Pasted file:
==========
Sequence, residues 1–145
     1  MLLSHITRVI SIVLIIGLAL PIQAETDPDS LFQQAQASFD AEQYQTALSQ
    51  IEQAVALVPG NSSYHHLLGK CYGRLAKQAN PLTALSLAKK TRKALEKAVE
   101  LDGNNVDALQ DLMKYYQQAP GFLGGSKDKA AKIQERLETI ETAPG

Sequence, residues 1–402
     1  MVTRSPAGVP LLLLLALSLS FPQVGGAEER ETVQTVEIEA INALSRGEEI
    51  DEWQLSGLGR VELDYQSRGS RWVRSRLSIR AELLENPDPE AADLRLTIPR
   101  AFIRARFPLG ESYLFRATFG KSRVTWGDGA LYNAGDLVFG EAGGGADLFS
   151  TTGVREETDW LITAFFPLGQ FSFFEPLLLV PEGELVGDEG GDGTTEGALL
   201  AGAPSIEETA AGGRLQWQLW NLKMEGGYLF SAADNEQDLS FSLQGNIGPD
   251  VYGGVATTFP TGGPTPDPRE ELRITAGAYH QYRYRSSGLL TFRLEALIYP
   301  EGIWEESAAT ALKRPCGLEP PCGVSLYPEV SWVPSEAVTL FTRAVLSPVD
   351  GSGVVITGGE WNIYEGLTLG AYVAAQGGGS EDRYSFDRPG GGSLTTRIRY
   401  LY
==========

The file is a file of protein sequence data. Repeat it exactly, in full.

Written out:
Sequence, residues 1–145
     1  MLLSHITRVI SIVLIIGLAL PIQAETDPDS LFQQAQASFD AEQYQTALSQ
    51  IEQAVALVPG NSSYHHLLGK CYGRLAKQAN PLTALSLAKK TRKALEKAVE
   101  LDGNNVDALQ DLMKYYQQAP GFLGGSKDKA AKIQERLETI ETAPG

Sequence, residues 1–402
     1  MVTRSPAGVP LLLLLALSLS FPQVGGAEER ETVQTVEIEA INALSRGEEI
    51  DEWQLSGLGR VELDYQSRGS RWVRSRLSIR AELLENPDPE AADLRLTIPR
   101  AFIRARFPLG ESYLFRATFG KSRVTWGDGA LYNAGDLVFG EAGGGADLFS
   151  TTGVREETDW LITAFFPLGQ FSFFEPLLLV PEGELVGDEG GDGTTEGALL
   201  AGAPSIEETA AGGRLQWQLW NLKMEGGYLF SAADNEQDLS FSLQGNIGPD
   251  VYGGVATTFP TGGPTPDPRE ELRITAGAYH QYRYRSSGLL TFRLEALIYP
   301  EGIWEESAAT ALKRPCGLEP PCGVSLYPEV SWVPSEAVTL FTRAVLSPVD
   351  GSGVVITGGE WNIYEGLTLG AYVAAQGGGS EDRYSFDRPG GGSLTTRIRY
   401  LY